Reading time: three minutes.
I told my wife Carol the other day, “My dogs are barking!” It seems my feet have been doing more than their share of the work lately. It’s retreat season, so I’m on my feet for long stretches. My poor aching feet are over-functioning. Carol suggested I let my gluteus do their job for a while.
The Apostle wrote to the Ephesians, “From Him the whole body, joined and held together by every supporting ligament, grows and builds itself up in love, as each part does its work” (4:16).
We pastors and other professional church workers sometimes have a problem with that last part, “… as each part does its work.” We tend to be over-functioners.
Luther’s thoughts on vocation are foundational to our understanding of what it means to be the body of Christ. Every church worker would do well to keep his theology of vocation in mind, both for our own wellbeing and for the health of the church.
There are certainly some in the church work professions who are carrying far less than their share of the load. I’m reminded of Paul’s advice later in Ephesians 4, “He who has been stealing must steal no longer, doing something useful with his own hands” (4:28). Some of us need to get off the computer and go make some visits!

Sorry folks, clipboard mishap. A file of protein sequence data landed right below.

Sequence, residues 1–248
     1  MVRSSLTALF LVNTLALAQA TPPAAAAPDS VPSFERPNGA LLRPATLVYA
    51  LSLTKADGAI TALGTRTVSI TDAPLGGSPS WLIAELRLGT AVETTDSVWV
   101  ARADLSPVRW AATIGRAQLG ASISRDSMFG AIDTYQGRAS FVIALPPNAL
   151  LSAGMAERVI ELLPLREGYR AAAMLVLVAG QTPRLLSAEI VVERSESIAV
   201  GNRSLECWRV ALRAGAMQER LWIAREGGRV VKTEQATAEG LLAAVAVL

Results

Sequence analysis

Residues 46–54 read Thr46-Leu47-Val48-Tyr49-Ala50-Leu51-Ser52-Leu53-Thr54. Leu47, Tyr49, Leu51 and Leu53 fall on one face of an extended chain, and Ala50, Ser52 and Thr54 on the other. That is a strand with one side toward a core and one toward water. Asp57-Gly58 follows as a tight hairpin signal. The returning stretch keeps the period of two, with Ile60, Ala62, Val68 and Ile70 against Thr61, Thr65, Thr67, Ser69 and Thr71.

My experience (my own experience and my encounters with others) tells me that over-functioning is a much greater problem for us.
I define over-functioning as “doing more than I have the capacity to do.” How will I know? Well, for one, my body will tell me. I know the signals in my neck and chest where tension seems to settle, not to mention my eyelids!
My family will also tell me. Remember Jethro talking to Moses in Exodus 18? “What you are doing is not good?” I often encourage church workers to ask their spouse, “Am I doing too much?” You may have to ask two or three times to get a straight answer because our spouses know our passion for kingdom work. It’s worth a regular conversation.
My calendar will also tell me if I’m over-functioning. It’s a good practice to keep track of our hours and evenings away. Try it for a couple months. I might do a blog on this sometime.
Healthy churches understand that each part must do its work, and that the Pastor and other workers in the church have only their own part to do.
Figuring out that part is the challenge.
I was once handed a job description for the call I had accepted that ran onto three legal sized sheets in 8-point type. The last item read, “Anything else the members of the congregation might ask of the Pastor.”
We spent the next seventeen years paring that list down to size. We all agreed there were certain things only the pastor could do. After a few years together we also decided we should try to define what things those were and see if we could help the Pastor major in only those things.
At the end of my seventeen years we were still negotiating. But we had come far enough that our church looked a lot more like “… as each part does its work” than we did when I arrived.
I was healthier, and the congregation was healthier also.
That might be worth a conversation where you serve also!
Thanks for reading.
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